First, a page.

California lawmakers push to raise the bar to get a carry permit

Two San Diego Democrats want all applicants for concealed carry permits in the state to complete at least eight hours of firearms training beforehand in addition to other requirements.

The move by Assemblymembers Lorena Gonzalez-Fletcher and Todd Gloria, AB 2103, would set a mandatory minimum for training to carry a gun in the state. The lawmakers argue the regulation is needed to ensure guns don’t wind up in the wrong hands.

“Under current law in California, a person who has never even fired a gun or received proper training on how to safely handle one can receive a permit and carry a loaded firearm in public. This jeopardizes public safety and has to be addressed,” Gloria said in a statement.

The bill would set a minimum threshold of eight hours of training including live-fire shooting exercises. Current guidelines authorize sheriffs and police chiefs in the state to require no more than 16 hours of training before issuing an initial permit and a four-hour minimum on renewals. Some jurisdictions have higher requirements than what is being proposed, but gun control advocates who support the measure say a statewide mandate for more training is needed.

“AB 2103 will ensure that all concealed carry permit holders in California know how to use their firearm – a key step in avoiding unintentional shootings in our state,” said Wendy Wheatcroft, a representative of Moms Demand Action.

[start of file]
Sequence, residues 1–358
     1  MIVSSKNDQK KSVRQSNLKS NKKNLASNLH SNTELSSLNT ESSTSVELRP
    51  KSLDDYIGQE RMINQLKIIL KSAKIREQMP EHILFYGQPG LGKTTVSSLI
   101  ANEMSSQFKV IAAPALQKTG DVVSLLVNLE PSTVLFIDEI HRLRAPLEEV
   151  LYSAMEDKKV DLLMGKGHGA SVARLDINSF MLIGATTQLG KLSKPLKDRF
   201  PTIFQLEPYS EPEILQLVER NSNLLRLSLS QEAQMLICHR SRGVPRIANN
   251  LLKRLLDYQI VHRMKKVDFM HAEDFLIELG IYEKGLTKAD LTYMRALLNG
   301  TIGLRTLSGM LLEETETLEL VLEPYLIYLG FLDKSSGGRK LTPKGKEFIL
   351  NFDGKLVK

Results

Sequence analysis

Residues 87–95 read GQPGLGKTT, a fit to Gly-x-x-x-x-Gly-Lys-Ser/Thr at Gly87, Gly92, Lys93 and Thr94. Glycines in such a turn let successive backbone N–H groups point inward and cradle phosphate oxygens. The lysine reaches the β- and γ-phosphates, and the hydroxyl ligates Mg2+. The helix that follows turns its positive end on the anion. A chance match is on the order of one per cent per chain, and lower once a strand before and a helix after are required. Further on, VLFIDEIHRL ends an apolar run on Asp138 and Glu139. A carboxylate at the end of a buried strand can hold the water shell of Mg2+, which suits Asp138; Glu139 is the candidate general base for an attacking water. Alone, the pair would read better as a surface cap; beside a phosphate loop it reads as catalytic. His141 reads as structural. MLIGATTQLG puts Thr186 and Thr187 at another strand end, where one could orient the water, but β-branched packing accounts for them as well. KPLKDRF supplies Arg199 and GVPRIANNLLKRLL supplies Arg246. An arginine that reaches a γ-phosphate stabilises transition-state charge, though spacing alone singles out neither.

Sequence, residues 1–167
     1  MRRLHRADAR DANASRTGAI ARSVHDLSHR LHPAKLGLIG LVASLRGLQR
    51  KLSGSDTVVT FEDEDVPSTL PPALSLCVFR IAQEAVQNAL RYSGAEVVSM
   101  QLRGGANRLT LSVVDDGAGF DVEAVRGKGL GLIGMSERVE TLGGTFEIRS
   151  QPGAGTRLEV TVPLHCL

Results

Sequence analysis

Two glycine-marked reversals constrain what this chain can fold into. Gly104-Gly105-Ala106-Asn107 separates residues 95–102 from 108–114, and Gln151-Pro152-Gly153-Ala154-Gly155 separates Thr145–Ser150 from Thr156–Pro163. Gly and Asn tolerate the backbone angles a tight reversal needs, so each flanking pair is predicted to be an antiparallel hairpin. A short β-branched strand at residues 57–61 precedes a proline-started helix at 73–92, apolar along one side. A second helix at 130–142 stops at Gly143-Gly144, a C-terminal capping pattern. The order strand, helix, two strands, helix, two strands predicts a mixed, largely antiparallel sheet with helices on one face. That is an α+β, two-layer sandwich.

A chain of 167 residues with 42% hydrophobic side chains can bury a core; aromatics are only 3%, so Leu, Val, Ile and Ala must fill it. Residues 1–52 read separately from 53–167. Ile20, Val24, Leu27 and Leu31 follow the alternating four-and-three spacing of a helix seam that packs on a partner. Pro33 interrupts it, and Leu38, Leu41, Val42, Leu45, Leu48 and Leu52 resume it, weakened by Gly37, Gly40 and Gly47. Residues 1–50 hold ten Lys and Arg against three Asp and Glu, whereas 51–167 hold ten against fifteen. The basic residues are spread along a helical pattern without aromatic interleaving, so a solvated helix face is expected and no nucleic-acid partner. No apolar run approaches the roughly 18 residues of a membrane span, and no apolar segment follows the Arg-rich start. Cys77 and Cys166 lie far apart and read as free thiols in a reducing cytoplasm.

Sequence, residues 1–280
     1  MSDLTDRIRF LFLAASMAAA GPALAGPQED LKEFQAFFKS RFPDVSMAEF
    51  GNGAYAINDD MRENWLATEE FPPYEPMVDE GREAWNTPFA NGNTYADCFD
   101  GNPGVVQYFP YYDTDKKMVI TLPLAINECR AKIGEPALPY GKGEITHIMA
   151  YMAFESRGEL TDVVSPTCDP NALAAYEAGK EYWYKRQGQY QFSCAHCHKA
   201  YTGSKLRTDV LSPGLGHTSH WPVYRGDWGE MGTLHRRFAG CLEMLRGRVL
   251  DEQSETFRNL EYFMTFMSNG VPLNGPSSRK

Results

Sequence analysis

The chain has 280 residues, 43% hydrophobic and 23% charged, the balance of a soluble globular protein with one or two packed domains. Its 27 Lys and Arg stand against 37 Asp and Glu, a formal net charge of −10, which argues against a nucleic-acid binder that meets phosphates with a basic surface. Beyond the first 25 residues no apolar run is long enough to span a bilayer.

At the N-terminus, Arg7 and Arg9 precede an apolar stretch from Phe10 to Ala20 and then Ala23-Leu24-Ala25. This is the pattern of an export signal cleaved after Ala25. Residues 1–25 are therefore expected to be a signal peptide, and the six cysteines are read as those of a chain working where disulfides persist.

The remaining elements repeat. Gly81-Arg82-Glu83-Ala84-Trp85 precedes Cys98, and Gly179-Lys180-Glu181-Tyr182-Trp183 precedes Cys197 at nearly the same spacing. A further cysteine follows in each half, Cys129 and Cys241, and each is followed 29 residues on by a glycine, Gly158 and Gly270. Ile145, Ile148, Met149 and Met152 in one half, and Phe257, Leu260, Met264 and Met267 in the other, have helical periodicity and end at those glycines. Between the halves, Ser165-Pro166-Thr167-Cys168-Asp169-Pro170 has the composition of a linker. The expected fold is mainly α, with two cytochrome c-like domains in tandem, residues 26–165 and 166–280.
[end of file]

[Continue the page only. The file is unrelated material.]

Gun rights supporters counter that the bill is a political power grab that will make it even harder to get a permit in the state that already has some jurisdictions that grant few of the licenses. San Diego County, the region both of AB 2103’s sponsors represent, has only 1,200 active permits for a population of over 3 million, with county Sheriff Bill Gore’s strict may-issue policies that applicants prove a “good cause” having been repeatedly challenged in court.

“This new legislation proposed by these two anti-Second Amendment State Assemblymembers calls for safety rules for gun owners that already exist,” said Michael Schwartz, executive director of San Diego County Gun Owners. “The purpose of this grandstanding is nothing more than an attempt to influence the public to believe that gun owners are dangerous and unsafe, which is untrue.”

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